‘I designed myself a syllabus of quarantine goals – then spent weeks eating cereal in bed’ | Life and style
Last week a friend jokingly asked to compare how many cliched quarantine activities we’d done, mentioning with excitement “I even pickled something!” After a brief pause, while flashbacks of stressfully eating cereal in my bed at 5pm played in my mind, I realised that instead of fully leaning into the goal-driven mindset, I’d fully leaned out.
Now that restrictions are easing across Australia, we’ll start to look back on the last two months (or approximately 80 Covid-years) and ask each other “what have you been up to?” Back in March when the World Health Organization and government leaders stressed the importance of social distancing, others stressed the importance of staying productive.
“Devise a home gym!” they shouted. “Teach children to grow vegetables…” they cooed. Businessmen on LinkedIn hooted and hollered about “using this time to develop powerful, enviable habits!” All my friends seemed to be suddenly horny for Adriene’s yoga and sourdough starter.
“Please, for the love of God,” I whimpered, “just let me have an existential crisis in peace.” That’s exactly what I did.
It’s an understandable urge to find a silver lining in chaos – it was indeed my first instinct. I began self-isolating in mid-March – my day job had closed its doors and freelance work had dried up; morning gym visits and evening pub drinks were banned.
#Quarantinegoals became a subset of the internet that fascinated me. With endless uncertainty ahead, I designed a syllabus for myself:
“We’ll set a 5am alarm like always, and exercise three times a day,” my mind instructed me. “Definitely limited Netflix – now’s the time to get through your summer reading stack from last year!” “Oh, and should we learn Spanish? Absolutamente!”
I, too, wanted to be like those perfect Instagram people who are adaptable, resilient, and can find purpose in the bleakest of times.
But what actually happened?
Anxiety-fuelled insomnia followed by daytime stress naps. Multiple Uber Eats deliveries of something called “peanut butter cookie dough”. The liquor cabinet – a fancy name for Aldi gin resting atop a dusty bookshelf – was quickly depleted. After spending time panicking about money, I bounced between playing The Sims and circling the room, flapping my arms like a frightened baby bird.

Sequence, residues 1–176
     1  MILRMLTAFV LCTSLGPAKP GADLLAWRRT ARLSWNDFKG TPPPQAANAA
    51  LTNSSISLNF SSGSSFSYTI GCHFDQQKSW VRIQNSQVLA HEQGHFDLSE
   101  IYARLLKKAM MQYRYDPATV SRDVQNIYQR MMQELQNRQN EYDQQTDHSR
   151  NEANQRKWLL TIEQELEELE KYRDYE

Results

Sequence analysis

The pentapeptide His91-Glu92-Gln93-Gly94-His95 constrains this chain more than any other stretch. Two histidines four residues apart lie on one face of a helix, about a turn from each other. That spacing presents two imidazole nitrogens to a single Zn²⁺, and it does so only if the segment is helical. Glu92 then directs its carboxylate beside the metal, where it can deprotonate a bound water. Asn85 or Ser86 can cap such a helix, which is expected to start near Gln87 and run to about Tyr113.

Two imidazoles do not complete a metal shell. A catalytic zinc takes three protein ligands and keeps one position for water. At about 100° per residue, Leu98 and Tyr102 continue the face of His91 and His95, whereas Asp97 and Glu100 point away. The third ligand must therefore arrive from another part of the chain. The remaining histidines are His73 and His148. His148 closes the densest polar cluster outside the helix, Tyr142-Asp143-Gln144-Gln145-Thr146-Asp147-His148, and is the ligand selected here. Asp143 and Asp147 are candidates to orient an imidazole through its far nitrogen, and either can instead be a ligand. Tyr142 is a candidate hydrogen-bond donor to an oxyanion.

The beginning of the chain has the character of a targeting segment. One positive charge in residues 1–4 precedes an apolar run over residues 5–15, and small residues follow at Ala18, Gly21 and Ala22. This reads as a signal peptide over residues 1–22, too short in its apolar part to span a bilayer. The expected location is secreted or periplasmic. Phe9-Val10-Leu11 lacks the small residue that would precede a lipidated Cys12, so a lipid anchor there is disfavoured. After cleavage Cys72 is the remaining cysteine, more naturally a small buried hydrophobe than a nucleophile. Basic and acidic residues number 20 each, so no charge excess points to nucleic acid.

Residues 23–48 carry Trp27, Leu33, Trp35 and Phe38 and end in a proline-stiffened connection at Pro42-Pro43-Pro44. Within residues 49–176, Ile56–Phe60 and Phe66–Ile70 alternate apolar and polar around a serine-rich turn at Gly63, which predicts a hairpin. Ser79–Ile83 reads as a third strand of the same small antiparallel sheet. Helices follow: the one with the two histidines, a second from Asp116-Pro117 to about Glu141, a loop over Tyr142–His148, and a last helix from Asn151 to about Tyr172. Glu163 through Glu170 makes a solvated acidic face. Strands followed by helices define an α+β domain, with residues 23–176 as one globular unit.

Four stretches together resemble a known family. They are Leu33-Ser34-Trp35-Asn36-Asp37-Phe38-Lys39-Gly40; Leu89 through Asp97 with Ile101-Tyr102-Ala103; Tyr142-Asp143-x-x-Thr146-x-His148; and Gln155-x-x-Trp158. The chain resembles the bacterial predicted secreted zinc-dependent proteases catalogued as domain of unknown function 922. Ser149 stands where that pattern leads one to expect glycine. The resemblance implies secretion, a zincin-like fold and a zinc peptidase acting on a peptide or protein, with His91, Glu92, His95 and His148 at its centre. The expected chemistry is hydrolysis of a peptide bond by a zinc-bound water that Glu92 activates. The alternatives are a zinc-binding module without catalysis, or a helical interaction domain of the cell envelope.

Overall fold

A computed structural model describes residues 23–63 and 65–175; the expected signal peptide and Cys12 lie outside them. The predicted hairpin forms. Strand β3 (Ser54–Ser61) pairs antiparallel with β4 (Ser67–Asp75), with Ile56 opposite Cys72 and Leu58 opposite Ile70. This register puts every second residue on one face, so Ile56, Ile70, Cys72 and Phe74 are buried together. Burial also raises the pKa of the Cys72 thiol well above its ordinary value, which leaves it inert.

I didn’t develop any enviable habits, and I’m more than OK with that.
Traditional models of capitalist success and 9-5 productivity weren’t relevant. In fact, they’d been proven to be unreliable and broken systems. The very act of staying indoors and away from others was productive – and still is. Truly, it gave me great joy to only have “stay home” on my to-do list during the start of uncertainty and chaos.
It was not the time to be punishing ourselves for seeking comfort in cute animal videos or elastic-waist trousers.
Unless you are hoarding essential groceries or stealing hospital hand sanitiser, now is the time to relinquish judgment of ourselves. Many of us are perfectionists and high achievers and look where that got us? Making jokes on the internet for free while the world implodes.
During stress and suffering, our cortisol-fuelled brains whimper, “how can I find meaning in this?” But it has quickly become clear that this pandemic is so much bigger than any one of us, no matter how much we try to mould it into normalcy, like kneading dough. (I don’t know how bread is made.)
We are still grieving. Life is still not normal. Frankly, flapping your arms and shrieking into the sky is a perfectly appropriate response to what is happening.
So if, like me, you leaned into the chaos and spent the last few weeks eating cereal in bed or rewatching The Office for the 100th time – congratulations. It’s an achievement to have rejected the productivity mindset these last few weeks. You were focusing on survival.
We know this isn’t over yet, so let’s focus on looking after ourselves and looking out for each other, and for those who are left out when people state that we’re all in this together. Then throw out your goal-setting diary, roll yourself up in a red blanket and perform Kate Bush’s Wuthering Heights for your cat. Whatever continues to get you through.